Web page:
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Episodes & Studies Volume 1

The Movements of the Graf Spee

The Movements of the Graf Spee

AFTER SINKING the Clement on 30 September, the Admiral Graf Spee made a cast more than 2000 miles to the eastward and between 5 and 10 October captured and later sank three steamers—the Newton Beech, 4651 tons, the Ashlea, 4222 tons, and the Huntsman, 8196 tons— all homeward-bound from South Africa. On 14 October, south-west of St. Helena, the raider refuelled from the Altmark, to whom she transferred the crews of the sunken ships. Returning towards the African coast, she intercepted and sank on 22 October the steamer Trevanion, 5299 tons, homeward-bound from South Australia. Six days later the raider again refuelled from the Altmark in mid-Atlantic. She then made a wide sweep into the Indian Ocean, but sighted nothing until 15 November, when she sank the small tanker Africa Shell, 706 tons, 160 miles north-east of Lourenco Marques. Next day she stopped the Dutch steamer Mapia but allowed her to proceed. Eleven days later, the Admiralty ordered Forces ‘H’ (Sussex and Shropshire) and ‘K’ (Ark Royal and Renown) to patrol south of the Cape of Good Hope to intercept the raider. But, by that time, the Admiral Graf Spee was back in mid-Atlantic where, on 26 November, she had refuelled from the Altmark and re-embarked the masters and senior officers of the ships previously sunk.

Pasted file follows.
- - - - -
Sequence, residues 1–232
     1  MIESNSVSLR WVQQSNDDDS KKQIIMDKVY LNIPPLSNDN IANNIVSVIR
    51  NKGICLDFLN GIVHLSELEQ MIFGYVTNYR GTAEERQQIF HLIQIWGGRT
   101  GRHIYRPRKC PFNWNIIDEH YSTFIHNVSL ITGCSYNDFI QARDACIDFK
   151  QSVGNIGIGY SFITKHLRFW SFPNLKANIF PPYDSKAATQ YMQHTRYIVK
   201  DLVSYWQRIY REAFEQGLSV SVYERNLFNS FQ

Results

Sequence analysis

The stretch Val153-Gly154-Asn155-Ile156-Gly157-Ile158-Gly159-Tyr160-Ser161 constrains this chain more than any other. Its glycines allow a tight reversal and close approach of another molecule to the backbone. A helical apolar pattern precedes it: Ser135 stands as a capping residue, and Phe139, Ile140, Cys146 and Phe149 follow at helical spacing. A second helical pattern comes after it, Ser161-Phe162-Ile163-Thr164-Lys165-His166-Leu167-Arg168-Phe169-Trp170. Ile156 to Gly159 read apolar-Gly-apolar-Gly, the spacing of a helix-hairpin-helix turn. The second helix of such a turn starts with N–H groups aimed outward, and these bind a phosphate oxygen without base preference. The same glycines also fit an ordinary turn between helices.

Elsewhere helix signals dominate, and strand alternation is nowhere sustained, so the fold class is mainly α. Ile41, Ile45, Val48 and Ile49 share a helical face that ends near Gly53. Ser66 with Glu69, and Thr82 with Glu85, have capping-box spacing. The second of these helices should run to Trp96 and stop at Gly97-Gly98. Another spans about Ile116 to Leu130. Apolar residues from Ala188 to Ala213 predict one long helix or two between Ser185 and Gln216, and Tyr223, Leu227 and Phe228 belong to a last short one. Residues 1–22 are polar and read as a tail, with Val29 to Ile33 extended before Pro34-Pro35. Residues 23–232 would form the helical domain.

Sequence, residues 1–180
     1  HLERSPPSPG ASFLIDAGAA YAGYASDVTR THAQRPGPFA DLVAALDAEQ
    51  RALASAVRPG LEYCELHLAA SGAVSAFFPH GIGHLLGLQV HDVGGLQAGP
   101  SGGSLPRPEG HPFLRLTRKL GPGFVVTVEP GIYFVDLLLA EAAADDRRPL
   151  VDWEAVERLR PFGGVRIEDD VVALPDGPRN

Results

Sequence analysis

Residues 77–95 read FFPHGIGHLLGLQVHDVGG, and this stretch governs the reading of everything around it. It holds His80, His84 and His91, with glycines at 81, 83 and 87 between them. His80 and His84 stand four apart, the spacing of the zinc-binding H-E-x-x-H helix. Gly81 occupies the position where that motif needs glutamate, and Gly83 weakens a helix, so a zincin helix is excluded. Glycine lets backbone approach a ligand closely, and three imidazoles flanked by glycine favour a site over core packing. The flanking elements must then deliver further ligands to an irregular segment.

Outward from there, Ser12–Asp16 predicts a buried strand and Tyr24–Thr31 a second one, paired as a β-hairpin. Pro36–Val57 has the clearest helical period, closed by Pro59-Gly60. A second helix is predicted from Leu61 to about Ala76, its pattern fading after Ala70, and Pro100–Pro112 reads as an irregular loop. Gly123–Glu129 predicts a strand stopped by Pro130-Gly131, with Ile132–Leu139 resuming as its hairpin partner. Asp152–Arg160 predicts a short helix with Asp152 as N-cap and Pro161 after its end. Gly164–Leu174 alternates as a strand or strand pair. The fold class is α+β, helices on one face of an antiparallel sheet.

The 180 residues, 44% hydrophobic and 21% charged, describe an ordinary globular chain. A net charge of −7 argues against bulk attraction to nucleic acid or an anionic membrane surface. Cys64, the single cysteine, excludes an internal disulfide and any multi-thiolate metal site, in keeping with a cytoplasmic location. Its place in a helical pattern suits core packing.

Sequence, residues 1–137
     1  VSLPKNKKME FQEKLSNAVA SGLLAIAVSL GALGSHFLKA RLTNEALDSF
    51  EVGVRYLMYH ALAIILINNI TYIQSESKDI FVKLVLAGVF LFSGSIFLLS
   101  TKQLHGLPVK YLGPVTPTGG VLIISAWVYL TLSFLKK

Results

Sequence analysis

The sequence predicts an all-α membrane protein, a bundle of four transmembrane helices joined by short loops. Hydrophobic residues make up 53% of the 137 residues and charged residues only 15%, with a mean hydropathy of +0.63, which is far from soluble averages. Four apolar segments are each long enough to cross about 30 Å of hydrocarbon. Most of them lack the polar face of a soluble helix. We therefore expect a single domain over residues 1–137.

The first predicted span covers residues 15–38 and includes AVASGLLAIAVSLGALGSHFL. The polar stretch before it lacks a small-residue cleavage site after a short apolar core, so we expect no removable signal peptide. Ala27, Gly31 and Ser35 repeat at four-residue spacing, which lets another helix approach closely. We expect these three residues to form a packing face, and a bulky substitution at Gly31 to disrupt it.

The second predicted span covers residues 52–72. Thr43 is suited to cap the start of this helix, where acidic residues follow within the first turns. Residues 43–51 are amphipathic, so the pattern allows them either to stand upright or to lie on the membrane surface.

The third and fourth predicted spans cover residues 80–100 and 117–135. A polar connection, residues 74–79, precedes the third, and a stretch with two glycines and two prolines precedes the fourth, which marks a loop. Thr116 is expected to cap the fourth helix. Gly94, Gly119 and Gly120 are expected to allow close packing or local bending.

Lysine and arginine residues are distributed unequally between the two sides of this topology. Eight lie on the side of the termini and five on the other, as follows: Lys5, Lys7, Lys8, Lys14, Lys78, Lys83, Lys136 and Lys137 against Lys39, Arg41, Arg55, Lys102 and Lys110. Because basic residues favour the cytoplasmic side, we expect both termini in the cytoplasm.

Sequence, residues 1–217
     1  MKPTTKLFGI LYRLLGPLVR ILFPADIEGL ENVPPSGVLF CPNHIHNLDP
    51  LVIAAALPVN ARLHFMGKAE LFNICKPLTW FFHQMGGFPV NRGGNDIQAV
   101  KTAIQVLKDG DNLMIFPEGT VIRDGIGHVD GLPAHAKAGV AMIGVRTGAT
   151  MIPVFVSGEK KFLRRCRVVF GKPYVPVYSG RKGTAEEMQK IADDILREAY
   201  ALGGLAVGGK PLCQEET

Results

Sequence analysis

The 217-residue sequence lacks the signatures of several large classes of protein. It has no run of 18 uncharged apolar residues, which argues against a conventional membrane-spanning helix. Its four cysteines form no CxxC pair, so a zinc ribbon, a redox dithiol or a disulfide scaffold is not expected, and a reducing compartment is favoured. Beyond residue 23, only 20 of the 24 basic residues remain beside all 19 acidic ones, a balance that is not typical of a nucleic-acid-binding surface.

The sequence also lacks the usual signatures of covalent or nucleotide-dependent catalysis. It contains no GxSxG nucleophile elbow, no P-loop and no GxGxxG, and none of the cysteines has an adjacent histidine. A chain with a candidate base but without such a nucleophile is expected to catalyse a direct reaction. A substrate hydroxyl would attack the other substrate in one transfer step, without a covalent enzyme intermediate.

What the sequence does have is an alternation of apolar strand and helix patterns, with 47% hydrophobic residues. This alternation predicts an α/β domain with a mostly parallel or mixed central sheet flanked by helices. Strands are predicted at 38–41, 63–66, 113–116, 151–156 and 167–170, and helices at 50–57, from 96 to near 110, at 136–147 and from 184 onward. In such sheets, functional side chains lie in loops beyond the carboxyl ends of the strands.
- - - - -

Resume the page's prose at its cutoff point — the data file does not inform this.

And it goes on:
The Achilles remained in company with the Cumberland till 5 November and then patrolled the coast from Santos to Rio de Janeiro, where she arrived on 10 November and spent two days. Returning south, she met the Ajax on 22 November and spent the day searching for the German merchant ships Lahn and Tacoma, which had escaped from Chilean ports. The search was unsuccessful, both German ships arriving at Montevideo during the afternoon. After refuelling, the Achilles started next day on another long, independent patrol which took her more than 2000 miles to the north. By the morning of 3 December she was off Pernambuco.